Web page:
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News: Monuments at risk
The Citadel of Aleppo in Syria.
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by Archaeology Newsroom

Syria’s museums are in effect empty halls

Authorities have moved thousands of antiquities to storage rooms

Syrian museums have moved thousands of ancient treasures in special storage rooms to protect them from looting and violence but one of humanity’s greatest cultural heritage monuments remains in grave peril, as the archaeologist charged with their protection said.

Aleppo’s medieval covered market has already been gutted by fires which also caused great damages to the city’s Umayyad mosque. Illegal excavations threaten tombs in the historical city of Palmyra, located in the desert, and the Bronze Age settlement of Ebla, while Interpol is hunting a 2,700-year-old statue taken from the city of Hama.

In a country which also has stunning Crusader castles, Roman ruins and a history stretching back through the great empires of the Middle East to the dawn of human civilisation, the task of safeguarding that heritage from modern conflict is a huge responsibility.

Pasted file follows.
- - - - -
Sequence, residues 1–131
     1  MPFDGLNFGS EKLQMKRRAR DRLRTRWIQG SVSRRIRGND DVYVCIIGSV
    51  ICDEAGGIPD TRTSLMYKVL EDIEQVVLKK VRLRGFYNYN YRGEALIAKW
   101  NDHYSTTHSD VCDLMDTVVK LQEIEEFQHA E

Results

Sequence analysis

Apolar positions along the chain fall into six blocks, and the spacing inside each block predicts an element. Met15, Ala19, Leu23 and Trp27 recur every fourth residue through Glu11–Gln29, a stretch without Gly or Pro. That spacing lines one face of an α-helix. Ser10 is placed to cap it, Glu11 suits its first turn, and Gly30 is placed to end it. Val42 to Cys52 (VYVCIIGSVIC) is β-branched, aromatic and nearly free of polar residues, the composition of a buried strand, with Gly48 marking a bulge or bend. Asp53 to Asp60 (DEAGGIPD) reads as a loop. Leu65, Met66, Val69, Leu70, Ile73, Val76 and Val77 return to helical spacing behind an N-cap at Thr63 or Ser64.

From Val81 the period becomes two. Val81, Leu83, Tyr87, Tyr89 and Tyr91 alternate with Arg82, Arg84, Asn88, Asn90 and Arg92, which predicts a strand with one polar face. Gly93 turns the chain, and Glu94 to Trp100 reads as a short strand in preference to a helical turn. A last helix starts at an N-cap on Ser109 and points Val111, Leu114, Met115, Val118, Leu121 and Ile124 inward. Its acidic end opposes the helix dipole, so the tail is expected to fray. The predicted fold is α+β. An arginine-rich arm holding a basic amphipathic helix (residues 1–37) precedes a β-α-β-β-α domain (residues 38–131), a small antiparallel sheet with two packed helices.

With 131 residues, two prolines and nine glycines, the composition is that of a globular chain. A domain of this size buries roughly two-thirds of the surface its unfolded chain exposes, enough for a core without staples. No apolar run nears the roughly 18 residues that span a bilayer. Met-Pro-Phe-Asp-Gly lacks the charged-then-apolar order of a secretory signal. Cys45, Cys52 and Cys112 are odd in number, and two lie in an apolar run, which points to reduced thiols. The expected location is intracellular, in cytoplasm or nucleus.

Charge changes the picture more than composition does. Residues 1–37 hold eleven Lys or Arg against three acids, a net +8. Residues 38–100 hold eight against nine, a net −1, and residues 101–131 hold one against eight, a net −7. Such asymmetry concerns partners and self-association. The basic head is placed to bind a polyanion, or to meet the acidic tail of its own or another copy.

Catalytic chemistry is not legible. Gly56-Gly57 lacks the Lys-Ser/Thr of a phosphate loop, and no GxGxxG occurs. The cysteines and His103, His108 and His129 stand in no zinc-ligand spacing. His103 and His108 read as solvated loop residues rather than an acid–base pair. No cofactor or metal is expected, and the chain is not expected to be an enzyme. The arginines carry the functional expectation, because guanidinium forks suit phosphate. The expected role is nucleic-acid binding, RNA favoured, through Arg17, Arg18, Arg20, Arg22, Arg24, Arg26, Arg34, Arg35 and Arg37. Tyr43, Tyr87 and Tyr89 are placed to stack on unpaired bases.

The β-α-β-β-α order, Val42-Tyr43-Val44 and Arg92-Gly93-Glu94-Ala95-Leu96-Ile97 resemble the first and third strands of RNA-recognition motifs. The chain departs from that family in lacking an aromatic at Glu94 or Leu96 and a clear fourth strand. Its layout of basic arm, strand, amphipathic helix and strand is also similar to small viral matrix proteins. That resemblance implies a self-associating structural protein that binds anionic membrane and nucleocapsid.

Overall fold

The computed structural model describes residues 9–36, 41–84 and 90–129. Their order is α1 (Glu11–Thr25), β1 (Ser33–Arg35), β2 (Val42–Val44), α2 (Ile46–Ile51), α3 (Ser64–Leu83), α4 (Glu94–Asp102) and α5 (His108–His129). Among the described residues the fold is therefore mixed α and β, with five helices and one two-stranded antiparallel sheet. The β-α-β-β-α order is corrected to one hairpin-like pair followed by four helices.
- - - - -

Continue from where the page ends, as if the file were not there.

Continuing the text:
Maamoun Abdulkarim, head of Syria’s Antiquities and Museums, says it is a battle for the nation’s very existence. “We have emptied Syria’s museums. They are in effect empty halls, with the exception of large pieces that are difficult to move,” Abdulkarim told Reuters during a visit to neighbouring Jordan.

Tens of thousands of artefacts spanning 10,000 years of history were removed to special storage-houses to avoid a storming like the of Baghdad’s museum by looters a decade ago, after the U.S. invasion and the overthrow of Iraqi President Saddam Hussein, he said.

Syria’s 23-month-old conflict is tearing the country apart and has raised international concerns over the fate of one of the richest and most diverse historical collections of any single nation.

UNESCO says it is concerned for the fate of six World Heritage sites including the old cities of Damascus, Aleppo and Bosra and the imposing Crusader castle, Crac des Chevaliers. Many of these monuments have become battlegrounds between rebels who take cover among ruins and troops who shell indiscriminately, the damage recorded in video images of the fighting.

If looters ever got their hands on the museum treasures, that would mark the final demise of Syria, Abdulkarim said.

 

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